Golf-club theft a bogey for Hilo team
By Leila Wai
Advertiser Staff Writer
By Leila Wai
Members of the Waiakea High School girls' golf team were eating at a Waikele restaurant, having a good time, laughing and discussing the deals they found while shopping. But their chaperones broke the festive mood, telling them their belongings had been stolen.
Ten golf bags filled with clubs — worth about $1,500 per bag — belonging to parents and members of the team were taken from a van Thursday night, along with personal belongings and shopping bags with items purchased that day. The van was looted while the team was having dinner at Chili's Grill & Bar at 94-797 Lumiaina St.
"We were having fun," said sophomore Casey Aburamen, 15, whose clubs were stolen. "It totally ruined our trip. Some of us are staying (on O'ahu) longer, but now we just want to go home."
Honolulu police were investigating. Some of the team left for Hilo yesterday.
The team traveled to O'ahu for some practice time at Turtle Bay Resort Golf Club, the site of May's high school state tournament. Waiakea won the state championship last year.
"They're in much brighter spirits than last night," Waiakea coach Ken Watanabe said yesterday. "They still are kind of depressed. Of course, they are sad because some of them had some personal stuff in the bags, too. One of the girls had a ring passed down from her mom stolen."
All but two of the 10 team members will have to find and adjust to new clubs for a Big Island Interscholastic Federation tournament on next Saturday.
"We really need those clubs, because it does take a long time to adjust," said senior co-captain Nicole Aoki, whose golf bag was not stolen. "I don't think the people who took it know how much value they have, not just with money, but how we need it. They're our personal clubs, because we've had them for so long.
"It's not like clothes we can replace; it's golf clubs that we've had for years already."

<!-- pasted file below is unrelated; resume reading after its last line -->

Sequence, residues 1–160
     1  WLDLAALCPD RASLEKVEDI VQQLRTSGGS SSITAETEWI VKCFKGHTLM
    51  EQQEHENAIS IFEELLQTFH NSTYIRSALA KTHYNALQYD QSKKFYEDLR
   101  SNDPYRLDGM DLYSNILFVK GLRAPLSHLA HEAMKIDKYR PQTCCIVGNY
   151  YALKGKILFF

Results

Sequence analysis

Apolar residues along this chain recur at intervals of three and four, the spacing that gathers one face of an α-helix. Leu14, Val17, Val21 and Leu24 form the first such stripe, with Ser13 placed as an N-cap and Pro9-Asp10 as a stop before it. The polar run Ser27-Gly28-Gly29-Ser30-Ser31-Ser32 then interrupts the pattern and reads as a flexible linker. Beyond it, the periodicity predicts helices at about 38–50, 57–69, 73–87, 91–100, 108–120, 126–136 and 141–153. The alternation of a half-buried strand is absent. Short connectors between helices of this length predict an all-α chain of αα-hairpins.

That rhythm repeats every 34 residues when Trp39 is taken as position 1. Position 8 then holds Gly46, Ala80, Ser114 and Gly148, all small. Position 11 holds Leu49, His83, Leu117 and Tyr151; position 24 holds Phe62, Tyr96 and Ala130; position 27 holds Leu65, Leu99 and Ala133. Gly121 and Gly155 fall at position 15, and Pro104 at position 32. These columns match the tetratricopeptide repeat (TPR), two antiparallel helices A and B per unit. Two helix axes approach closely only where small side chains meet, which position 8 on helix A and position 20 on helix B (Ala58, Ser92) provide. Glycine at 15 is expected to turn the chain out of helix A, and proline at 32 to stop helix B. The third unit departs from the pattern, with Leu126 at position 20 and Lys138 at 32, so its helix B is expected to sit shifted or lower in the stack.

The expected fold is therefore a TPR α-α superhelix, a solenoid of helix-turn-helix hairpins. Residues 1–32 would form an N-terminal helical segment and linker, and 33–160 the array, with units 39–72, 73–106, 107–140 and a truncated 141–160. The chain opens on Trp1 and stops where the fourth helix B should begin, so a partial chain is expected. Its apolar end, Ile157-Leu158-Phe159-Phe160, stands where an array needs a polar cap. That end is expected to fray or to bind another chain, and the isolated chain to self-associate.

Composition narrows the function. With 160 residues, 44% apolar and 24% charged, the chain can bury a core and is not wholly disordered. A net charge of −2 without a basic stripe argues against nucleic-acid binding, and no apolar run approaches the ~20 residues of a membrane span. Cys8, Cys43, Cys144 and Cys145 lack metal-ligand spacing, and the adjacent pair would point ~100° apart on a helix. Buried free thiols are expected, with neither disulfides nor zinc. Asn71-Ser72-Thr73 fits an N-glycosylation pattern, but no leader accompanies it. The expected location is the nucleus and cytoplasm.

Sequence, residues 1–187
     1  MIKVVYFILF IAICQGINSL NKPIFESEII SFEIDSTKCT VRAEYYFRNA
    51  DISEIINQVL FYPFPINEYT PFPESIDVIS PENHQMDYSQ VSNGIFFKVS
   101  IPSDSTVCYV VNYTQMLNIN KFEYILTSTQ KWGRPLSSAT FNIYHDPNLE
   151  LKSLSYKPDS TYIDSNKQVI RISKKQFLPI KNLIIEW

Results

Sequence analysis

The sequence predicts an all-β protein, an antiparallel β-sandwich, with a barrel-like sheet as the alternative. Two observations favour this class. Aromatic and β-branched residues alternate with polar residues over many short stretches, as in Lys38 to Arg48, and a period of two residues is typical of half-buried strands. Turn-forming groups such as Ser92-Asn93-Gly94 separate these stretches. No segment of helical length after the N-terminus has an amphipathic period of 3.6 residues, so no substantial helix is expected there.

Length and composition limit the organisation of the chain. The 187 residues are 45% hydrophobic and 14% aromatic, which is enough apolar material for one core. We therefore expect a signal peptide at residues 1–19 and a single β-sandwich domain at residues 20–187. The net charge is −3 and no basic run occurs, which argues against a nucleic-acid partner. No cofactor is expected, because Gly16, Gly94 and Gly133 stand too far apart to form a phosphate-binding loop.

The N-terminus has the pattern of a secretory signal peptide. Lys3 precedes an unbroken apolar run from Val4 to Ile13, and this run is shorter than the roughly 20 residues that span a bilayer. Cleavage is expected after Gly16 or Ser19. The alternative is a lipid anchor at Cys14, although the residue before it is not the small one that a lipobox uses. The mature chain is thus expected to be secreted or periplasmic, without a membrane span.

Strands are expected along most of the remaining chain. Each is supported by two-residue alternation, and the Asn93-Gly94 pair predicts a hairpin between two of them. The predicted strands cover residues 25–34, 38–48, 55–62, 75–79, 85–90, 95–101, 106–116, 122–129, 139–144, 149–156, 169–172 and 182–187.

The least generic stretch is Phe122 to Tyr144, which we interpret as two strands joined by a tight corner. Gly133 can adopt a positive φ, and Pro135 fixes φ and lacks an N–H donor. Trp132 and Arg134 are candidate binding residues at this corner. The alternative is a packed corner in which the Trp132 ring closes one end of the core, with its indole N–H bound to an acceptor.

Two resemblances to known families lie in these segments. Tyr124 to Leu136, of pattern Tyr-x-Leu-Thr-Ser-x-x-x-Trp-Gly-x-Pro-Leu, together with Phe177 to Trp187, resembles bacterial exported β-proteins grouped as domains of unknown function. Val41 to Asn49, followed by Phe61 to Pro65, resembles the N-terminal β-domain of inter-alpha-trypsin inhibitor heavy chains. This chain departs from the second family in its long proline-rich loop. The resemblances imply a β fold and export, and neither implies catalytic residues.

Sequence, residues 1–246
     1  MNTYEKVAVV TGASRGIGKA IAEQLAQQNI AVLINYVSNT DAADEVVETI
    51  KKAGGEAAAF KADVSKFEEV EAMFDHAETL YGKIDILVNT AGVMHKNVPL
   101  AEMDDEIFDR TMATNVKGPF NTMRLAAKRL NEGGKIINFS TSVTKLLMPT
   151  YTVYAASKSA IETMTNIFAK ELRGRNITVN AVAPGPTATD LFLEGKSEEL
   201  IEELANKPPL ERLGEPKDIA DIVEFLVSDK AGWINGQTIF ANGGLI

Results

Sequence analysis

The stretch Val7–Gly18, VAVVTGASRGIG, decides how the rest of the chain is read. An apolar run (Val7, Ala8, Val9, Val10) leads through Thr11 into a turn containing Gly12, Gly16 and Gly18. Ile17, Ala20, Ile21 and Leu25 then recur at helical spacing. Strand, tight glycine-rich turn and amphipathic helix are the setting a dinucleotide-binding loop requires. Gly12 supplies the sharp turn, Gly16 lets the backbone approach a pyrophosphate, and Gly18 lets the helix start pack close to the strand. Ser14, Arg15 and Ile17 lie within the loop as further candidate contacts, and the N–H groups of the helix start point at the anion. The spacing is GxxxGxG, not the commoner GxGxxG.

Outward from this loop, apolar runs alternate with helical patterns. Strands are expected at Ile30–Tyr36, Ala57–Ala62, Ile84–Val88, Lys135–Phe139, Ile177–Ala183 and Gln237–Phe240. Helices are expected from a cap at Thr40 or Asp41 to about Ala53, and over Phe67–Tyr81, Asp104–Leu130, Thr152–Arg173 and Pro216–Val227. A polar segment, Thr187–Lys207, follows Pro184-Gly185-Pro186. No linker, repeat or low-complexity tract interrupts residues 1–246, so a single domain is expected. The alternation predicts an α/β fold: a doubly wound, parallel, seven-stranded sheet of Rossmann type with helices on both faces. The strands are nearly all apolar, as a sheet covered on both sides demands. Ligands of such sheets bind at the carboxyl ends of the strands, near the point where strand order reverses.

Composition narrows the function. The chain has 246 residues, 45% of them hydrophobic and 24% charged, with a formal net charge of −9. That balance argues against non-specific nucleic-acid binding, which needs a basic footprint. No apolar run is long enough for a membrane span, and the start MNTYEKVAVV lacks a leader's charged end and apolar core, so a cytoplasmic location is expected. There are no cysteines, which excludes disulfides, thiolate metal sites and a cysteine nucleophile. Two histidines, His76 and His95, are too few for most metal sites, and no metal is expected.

The team's chaperones — Aoki's father, Clyde Aoki, and Blane Aburamen, Casey's father — discovered the bags were stolen.
The group rented three vans; the golfers rode in two of them, with the bags in the third. Clyde Aoki and Blane Aburamen rode in the third van with the players' bags and clubs. In all, eight players and two chaperones lost their bags and clubs.
"We didn't really know what was going on," Nicole Aoki said. "We were still in the Chili's parking lot and they called to us in the car, and they said, 'Our bags are missing.' My first reaction was I thought they were joking, and I saw the van and realized they weren't."
Police said the thieves used a sharp instrument, possibly a screwdriver, to punch the van's driver's side door lock. Once inside, the thieves could open the van's trunk and sliding door to unload the golf bags.
"Somebody had to have seen someone taking 10 golf bags out of a van and just thought that was supposed to be happening," police Maj. Deborah Tandal said. "(Chili's is) right in the middle of the parking lot. It's not like Waikele is an unpopulated place. If somebody saw what happened and didn't realize it was a crime, then let us know."
The golf bags were embroidered with the golfers' names and "Waiakea High Golf."
Watanabe said adjusting to a new set of clubs can be difficult and "trying to find the proper match is going to be a challenge."
Waiakea usually takes a trip every year to the golf course that hosts the state tournament, and each golfer pays her own way.
Police said there have been fewer than 20 car break-ins at the Waikele shopping center this year.Advertiser staff writer Peter Boylan contributed to this report.
Reach Leila Wai at firstname.lastname@example.org.